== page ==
To those that call Black skinned people like myself by the names; White, murungu, sala, or coconut, answer this,
how are you defining Black?”

Jackie Zvoutete

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  1. There are a few things I would like to point out. Firstly you calling yourself Jackie was a personal choice you made. It is inaccurate that you using that name was an indicator of affluence and what you have described as fitting well into a white society . If you noticed a lot of the black children from the wealthiest black families had the deepest and most complicated shona/ndebele names even more so than the regular middle and lower income families.

    The pasipanodyas, nonhlahlas, nhamodzenyika-dzisingaperi and the likes because a lot of them, had parents who had either been in excile or studied in elite universities abroad, where they had developed a strong sense of their African identities and adopted pan African values. Even if you look at the ministers kids in Zim, the large majority had deep Shona and Ndebele names.

    What you are describing is very common amongst private school children but not speaking well in your language really comes down to poor parenting. There is no excuse for it. No matter how rich you were in Zimbabwe about half or three quartets of your relatives were regular folk that lived in the high densities and reserves. I’m yet to meet someone who can say all their cousins went to private schools. You had the opportunity to learn very good Shona/ ndebele at all family gathering, social interactions, church and at home with the maid. Many masala such as myself can speak Shona fluently because our parents warned us not to adopt colonial values and regard our own language with contempt (as well as 3 other languages ndebele, French which I did at A level, and English).

    What you need to do is separate wealth and affluence from colour. That used to be the case in the 80s but that’s changed enormously in the last few decades. You’re short changing yourself by attributing all good qualities to whiteness rather than money and education! Obama and Michelle are well spoken, decent human beings and our own Strive Masiwa so gone are the days when being white was the aspiration.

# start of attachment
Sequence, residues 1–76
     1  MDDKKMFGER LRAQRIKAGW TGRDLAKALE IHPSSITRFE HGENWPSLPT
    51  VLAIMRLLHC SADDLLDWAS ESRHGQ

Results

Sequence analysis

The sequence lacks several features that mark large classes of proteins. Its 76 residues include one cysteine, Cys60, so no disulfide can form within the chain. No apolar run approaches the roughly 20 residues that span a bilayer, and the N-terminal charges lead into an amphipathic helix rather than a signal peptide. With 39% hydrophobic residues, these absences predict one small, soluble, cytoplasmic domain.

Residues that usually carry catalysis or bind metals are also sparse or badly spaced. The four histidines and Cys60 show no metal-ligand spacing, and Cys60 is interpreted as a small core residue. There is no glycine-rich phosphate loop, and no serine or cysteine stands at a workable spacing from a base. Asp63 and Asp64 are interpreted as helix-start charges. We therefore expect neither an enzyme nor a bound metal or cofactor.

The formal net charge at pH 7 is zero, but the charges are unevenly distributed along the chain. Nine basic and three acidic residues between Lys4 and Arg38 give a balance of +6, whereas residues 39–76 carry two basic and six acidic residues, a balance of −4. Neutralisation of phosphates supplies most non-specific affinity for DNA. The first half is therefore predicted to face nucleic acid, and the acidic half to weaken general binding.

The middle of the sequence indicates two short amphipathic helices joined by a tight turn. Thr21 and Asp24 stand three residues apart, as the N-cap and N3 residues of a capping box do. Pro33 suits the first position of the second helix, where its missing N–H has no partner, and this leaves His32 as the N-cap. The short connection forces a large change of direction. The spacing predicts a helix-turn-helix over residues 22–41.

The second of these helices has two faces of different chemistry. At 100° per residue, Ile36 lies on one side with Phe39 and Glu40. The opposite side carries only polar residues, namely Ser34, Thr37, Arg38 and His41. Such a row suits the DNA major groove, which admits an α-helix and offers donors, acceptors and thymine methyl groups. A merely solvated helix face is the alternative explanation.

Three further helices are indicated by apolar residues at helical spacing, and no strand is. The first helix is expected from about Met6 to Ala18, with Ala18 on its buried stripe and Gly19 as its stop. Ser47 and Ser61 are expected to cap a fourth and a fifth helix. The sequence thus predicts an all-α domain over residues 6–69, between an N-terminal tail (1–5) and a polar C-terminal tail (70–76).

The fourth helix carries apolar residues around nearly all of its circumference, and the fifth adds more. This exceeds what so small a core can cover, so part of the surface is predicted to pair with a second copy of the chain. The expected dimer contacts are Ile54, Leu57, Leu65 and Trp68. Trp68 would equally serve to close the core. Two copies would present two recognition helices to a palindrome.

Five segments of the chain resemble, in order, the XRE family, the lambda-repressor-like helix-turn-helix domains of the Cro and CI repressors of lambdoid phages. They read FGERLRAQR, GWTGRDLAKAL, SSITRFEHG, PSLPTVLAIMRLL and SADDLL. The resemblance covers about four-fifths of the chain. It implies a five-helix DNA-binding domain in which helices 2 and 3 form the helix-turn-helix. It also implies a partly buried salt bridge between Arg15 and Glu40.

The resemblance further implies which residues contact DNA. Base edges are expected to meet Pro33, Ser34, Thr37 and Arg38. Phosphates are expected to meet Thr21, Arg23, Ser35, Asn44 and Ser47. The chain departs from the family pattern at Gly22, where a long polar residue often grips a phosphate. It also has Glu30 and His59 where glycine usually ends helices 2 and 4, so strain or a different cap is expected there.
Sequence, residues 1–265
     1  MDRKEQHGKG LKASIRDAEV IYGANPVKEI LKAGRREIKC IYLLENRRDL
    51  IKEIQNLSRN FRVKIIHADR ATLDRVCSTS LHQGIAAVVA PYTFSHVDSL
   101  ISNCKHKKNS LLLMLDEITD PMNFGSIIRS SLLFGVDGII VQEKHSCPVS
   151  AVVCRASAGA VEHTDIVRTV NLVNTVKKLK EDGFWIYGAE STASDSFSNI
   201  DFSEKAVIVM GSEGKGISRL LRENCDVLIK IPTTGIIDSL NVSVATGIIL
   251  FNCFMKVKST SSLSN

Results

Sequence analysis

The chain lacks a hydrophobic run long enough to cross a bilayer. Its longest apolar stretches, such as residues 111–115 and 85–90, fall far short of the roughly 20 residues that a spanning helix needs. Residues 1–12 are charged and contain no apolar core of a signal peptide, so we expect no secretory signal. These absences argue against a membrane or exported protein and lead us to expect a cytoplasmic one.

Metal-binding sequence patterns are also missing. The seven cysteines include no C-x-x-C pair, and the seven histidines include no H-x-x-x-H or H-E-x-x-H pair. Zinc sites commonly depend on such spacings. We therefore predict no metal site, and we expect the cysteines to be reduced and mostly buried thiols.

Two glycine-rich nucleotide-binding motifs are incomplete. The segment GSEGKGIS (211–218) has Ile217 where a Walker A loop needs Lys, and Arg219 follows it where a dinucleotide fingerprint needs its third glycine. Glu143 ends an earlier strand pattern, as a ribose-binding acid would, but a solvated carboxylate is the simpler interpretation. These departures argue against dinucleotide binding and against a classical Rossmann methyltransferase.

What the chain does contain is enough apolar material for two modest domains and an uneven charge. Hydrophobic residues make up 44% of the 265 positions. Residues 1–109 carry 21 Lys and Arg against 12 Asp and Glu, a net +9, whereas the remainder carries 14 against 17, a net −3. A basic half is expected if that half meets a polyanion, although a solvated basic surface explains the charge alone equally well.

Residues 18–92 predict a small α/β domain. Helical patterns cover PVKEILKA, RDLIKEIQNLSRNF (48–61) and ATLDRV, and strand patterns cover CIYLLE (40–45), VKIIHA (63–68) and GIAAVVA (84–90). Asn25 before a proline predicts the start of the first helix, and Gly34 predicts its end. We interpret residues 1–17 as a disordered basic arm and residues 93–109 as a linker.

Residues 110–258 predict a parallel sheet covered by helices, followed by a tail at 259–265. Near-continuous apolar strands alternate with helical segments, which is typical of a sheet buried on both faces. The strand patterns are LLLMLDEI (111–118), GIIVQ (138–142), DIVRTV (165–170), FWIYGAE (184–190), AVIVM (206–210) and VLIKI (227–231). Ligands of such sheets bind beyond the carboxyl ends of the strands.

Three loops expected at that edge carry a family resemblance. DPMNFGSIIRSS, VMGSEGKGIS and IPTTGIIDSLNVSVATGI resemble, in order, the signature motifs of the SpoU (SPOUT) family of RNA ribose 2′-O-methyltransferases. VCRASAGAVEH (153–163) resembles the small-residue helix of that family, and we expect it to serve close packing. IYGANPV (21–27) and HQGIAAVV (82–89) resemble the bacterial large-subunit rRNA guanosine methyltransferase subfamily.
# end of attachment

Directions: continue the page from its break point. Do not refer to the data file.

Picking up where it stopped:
• Zva, great points you have brought up, it is good to hear a different well thought out perspective. To the point of he name, there are countless articles and research that comment on the impact of names. It is not limited to my situation, I have described how I personally witnessed the differences it made in my life.
      You say people are able to learn Shona from church, maids etc. In the piece I do not say I cannot speak Shona. I just cannot speak it as well as others who have grown up in an environment that warranted it being spoken more (I was in boarding school most of my childhood life). Being able to only speak it deeply at certain times, does not give one enough practice to speak it as well as those that use it daily. It is not brought down to poor parenting (they encouraged me to learn) but situational access. Note, I never said I can not speak it and I do not think it is the case with others that are like me.
      As to your final point, we are saying the same thing. In an era where affluence is not associated to colour, why do people such as myself still have to be termed ‘our lil murungu’ or ‘musala’? That was the crux of my article, asking that a change be made so that in Zimbabwe there is no need for such terms, I want the recognition of a fluid black identity or do we choose to just be so socially rigid?

  2. I really liked the question you ended the article on and I wish I was able to defend my stance in my early years, having gone through the same situation to an extent. There’s certain prejudices and stereotypes attributed to being black, so as soon as you unknowingly go “against the grain” of the societal norm based on your more priviledged socioeconomic background which your parents were lucky to bless you with, then you’re subsequently defined as “white.” It’s just unfair.

    • You aren’t defined as white. That’s why terms like masalad existed, people were aware that there were black people with ‘upper class’ accents and privileged lives however they were always seen as black except (by themselves, the ones that chose to longer want to be identified as black). A lot of black people themselves didn’t want to be called black because they bought into the rhodie perception of black but otherwise black zimbos never called other black people ‘murungu’. They would say ‘munose’ or musalad. Even Boka and millionaires kids were still regarded as black but not poor.

  3. fred wadzanai khosa

    Jackie blackness is in your heart, as long as you don’t hate being black as long as you don’t wish to be white as long as you have pride in being black and identify yourself as being black I don’t see anything wrong with you having white education, loving white music or even white dominated sport. The bottom line is you say I am black and I am proud.